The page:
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Sustainable Development Goal 6: Clean Water and Sanitation

Written by: Hallie Fried, Intern

The Problem:

Here in Northeast Ohio, we’re lucky enough to be so close to our water supply: Lake Erie. However, there are many people around the world who are born into areas or live in regions that lack clean water. Today, according to the United Nations, more than 40% of people don’t have access to clean water. Unfortunately, it is predicted that this percentage will continue to grow as temperatures around the world rise. This could cause more bodies of water to evaporate quickly, essentially deplenishing the little amount of freshwater that is left. Without a sufficient source of freshwater, some countries have begun to turn to different sources to gain access to water. These sources are often unclean and unsafe, and can result in illnesses and diseases. The United Nations predicts that by 2050, at least one in four people will lack access to clean water.

Gracious and Robina carefully collecting ‘water’ in Uganda – 2017

The Solution:

Thankfully, this problem has not gone unnoticed. The United Nations Development Programme has noticed the prevalence of the lack of clean water, and has created a Sustainable Goal to “ensure universal access to safe and affordable drinking water by 2030” (source). In order to reach this goal, the UN must incorporate infrastructure and safe sanitation facilities. Along with these, the UN will stress the importance of good hygiene and drinking clean, safe water only. “Sustainable Development Goal 6: Clean Water and Sanitation” is not the only goal that the UN has set out to accomplish; they have 17 goals in total that will work to “meet the urgent environmental, political and economic challenges facing our world”.

The UN has already made a huge impact with SDG6. For example, according to the UN, the percentage of the global population that used an improved water source was 82% in 2000, and with the help of the UN, that percentage grew to 91% in 2015. Additionally, the percentage of people using improved sanitation facilities grew from 59% in 2000 to 68% in 2015. These facts verify that more people now have access to clean water, and less people are practicing open defecation.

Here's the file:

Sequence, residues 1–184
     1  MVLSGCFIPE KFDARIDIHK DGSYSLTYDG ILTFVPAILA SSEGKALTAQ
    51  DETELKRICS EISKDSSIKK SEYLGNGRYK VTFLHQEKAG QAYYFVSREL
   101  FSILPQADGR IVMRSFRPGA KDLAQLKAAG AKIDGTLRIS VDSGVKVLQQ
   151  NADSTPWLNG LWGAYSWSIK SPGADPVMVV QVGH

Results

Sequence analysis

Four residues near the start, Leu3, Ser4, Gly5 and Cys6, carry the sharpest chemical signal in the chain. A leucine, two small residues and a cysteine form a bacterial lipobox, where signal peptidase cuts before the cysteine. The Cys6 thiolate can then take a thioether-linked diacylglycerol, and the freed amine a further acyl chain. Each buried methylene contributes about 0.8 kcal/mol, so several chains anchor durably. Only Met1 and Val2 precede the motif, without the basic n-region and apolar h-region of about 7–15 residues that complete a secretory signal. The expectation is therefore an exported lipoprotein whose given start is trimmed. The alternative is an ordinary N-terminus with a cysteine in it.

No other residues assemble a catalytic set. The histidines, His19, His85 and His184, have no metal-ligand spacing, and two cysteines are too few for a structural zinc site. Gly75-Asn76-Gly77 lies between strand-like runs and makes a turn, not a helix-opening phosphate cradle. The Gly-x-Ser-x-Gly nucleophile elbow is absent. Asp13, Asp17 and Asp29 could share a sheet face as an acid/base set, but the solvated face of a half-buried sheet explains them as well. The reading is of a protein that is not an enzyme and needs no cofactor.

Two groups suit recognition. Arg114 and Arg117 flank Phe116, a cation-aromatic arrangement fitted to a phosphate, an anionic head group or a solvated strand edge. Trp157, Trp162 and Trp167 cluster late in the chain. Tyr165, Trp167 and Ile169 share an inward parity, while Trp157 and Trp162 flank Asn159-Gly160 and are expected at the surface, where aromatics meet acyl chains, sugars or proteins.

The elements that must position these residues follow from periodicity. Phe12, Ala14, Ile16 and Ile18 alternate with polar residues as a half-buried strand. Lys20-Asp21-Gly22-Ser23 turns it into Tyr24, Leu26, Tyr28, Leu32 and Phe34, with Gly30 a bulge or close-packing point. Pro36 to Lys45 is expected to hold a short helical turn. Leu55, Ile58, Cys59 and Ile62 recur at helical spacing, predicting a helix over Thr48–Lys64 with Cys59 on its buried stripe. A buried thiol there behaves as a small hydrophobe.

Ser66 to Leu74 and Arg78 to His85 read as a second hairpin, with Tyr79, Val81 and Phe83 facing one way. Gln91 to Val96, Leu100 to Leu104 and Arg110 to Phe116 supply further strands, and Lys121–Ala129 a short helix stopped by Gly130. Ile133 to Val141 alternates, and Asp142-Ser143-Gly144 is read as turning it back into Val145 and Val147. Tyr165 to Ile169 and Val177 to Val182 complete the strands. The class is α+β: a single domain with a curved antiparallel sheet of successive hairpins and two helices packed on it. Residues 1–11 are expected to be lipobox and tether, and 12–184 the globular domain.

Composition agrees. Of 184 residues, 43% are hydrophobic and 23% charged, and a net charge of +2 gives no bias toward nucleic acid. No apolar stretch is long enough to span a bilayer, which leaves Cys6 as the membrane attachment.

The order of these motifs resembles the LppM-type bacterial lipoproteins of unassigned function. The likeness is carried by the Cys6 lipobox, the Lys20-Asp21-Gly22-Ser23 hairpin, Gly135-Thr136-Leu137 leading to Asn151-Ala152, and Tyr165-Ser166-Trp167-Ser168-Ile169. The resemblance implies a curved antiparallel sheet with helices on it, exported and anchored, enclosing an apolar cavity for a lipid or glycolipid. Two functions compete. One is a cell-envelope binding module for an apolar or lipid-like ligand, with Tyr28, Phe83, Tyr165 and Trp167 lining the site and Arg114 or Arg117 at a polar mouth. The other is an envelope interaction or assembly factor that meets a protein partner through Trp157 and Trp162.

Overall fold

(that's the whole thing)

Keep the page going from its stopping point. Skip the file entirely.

How Drink Local. Drink Tap. is Helping:

Drink Local Drink Tap has not only brought awareness to the necessity of water sustainability, but has also provided direct access to clean water in east Africa where about 783 million people lack access to clean water (source). By creating a sustainable method to access clean water, DLDT has improved the lives of 10,567 people in Uganda. Providing a source for water is not only improving their health, but it also shortens the length that many women and children will spend on their daily walk to collect water that is often unclean. On average, women and children will walk four miles to collect water. By shortening this long and difficult walk with direct access to clean water, children are able to stay in school and get an education that will help them to succeed later in life.


New, clean drinking water in Tororo, Uganda – 2017


How You Can Help:

Providing access to clean water and creating sustainable sanitation facilities may seem like an arduous task, but with the help of others, it can be accomplished. There are many great ways that you can get involved in this rewarding work:

  • Educate yourself on clean water access via DLDT’s videos and social media
  • Volunteer with DLDT to help with areas from planning events to fundraising
  • Become a funding partner
  • Attend or support 4 Miles 4 Water
  • Teach others about Sustainable Development Goal 6
  • Donate to DLDT– just $30 can supply one person with clean water for life



Perkins Beach Cleanup, Cleveland – August 12th, 2017


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